You need a stretch cargo bike that puts your weight on the front tire, and the cargo on the back tire.
There is a eurnau for about $1600 now, but has 20" tires and would be rough in a pothole.
There are terns with 20" tires. Again I don't recommend such small wheels.
There is a blix packa starting @ $1700 with 24" wheels which is much more the thing.
I have a yuba, the 26" wheel bodaboda is just announced back, and the 24" kombi has been generally available. Both probably have shimano mid-drives, but don't meet your price point. https://yubabikes.com/
Then there are xtracycle, M2s, kona, others in 26" category.
Happy shopping and later riding.
 
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Cstefan

Member
Region
USA
City
Seattle, WA
A conversion mid bafang hd might be a cost effective option if you are not married to buying a prebuilt ebike.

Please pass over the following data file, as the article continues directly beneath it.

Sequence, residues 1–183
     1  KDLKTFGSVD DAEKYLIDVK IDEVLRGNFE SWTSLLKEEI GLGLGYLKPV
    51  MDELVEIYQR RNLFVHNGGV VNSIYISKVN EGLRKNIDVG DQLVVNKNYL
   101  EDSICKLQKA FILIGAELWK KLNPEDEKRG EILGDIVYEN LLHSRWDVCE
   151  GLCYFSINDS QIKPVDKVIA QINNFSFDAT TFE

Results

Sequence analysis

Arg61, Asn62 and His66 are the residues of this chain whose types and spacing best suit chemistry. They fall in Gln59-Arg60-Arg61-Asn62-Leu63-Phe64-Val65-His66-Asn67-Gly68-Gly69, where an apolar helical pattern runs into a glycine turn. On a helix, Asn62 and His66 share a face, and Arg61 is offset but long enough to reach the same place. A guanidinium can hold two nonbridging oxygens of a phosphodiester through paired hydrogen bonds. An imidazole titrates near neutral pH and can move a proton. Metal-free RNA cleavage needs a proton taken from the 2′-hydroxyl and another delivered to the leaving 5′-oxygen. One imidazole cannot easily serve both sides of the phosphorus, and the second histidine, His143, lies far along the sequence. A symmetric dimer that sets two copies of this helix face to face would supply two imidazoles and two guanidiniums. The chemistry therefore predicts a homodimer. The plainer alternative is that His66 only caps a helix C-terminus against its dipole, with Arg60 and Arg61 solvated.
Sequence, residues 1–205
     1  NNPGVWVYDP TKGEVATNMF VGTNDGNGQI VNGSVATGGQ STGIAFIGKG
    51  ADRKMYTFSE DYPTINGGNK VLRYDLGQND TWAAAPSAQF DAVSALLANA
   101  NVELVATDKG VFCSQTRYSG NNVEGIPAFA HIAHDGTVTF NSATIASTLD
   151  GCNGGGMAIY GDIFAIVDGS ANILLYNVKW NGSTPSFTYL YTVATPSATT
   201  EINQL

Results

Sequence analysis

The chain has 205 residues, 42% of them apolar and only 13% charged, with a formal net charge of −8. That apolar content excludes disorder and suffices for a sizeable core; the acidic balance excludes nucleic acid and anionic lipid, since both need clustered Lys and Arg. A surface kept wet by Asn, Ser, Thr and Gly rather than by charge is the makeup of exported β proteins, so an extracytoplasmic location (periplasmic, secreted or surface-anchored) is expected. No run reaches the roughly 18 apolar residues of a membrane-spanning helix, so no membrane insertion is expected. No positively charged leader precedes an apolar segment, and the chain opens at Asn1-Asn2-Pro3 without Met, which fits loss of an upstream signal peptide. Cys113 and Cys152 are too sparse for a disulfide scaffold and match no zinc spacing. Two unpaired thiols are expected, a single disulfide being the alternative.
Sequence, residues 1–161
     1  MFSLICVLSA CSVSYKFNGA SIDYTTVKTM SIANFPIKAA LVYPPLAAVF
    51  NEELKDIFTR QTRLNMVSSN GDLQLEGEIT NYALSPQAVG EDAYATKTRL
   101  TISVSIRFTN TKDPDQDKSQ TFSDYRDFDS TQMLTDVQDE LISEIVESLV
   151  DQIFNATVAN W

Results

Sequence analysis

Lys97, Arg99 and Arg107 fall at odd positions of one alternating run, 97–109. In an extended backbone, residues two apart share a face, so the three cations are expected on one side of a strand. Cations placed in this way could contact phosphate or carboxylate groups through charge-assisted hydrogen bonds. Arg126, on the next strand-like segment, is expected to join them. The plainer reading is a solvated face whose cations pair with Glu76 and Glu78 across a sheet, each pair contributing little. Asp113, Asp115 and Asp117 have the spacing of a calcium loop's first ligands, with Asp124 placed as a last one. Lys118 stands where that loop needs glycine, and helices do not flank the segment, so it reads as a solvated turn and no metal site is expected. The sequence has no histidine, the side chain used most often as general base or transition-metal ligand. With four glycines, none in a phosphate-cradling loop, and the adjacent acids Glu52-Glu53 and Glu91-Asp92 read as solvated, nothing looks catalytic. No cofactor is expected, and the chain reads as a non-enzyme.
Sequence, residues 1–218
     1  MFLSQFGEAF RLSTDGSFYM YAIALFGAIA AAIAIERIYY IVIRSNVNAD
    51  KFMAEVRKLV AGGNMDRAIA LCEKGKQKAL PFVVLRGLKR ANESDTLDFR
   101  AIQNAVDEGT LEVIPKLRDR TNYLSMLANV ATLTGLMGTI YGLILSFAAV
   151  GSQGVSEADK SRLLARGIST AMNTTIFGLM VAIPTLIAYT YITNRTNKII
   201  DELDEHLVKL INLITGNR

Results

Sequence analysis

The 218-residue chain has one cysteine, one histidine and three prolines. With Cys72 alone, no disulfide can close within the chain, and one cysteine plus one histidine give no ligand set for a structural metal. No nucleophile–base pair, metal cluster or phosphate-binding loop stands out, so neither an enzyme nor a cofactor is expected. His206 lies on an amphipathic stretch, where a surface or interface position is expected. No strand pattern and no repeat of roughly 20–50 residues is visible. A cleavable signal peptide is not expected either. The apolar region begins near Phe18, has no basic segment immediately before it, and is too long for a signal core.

you could buy a used bike and have a shop convert it for you for 2k ish… a bit more for a nicer bike.
I considered the conversion route, but with parts and labor prebuilt ends up being a better deal. Another consideration is the backlog most shops around here have on major work.

In the long run I’ll probably have a nice mid-drive built by a local frame maker but right now I want to get the bike I can afford and get today (or at least in the next 2 weeks)
 

Timpo

Well-Known Member
I considered the conversion route, but with parts and labor prebuilt ends up being a better deal. Another consideration is the backlog most shops around here have on major work.

In the long run I’ll probably have a nice mid-drive built by a local frame maker but right now I want to get the bike I can afford and get today (or at least in the next 2 weeks)
What about this?

Brose mid drive, $2,295.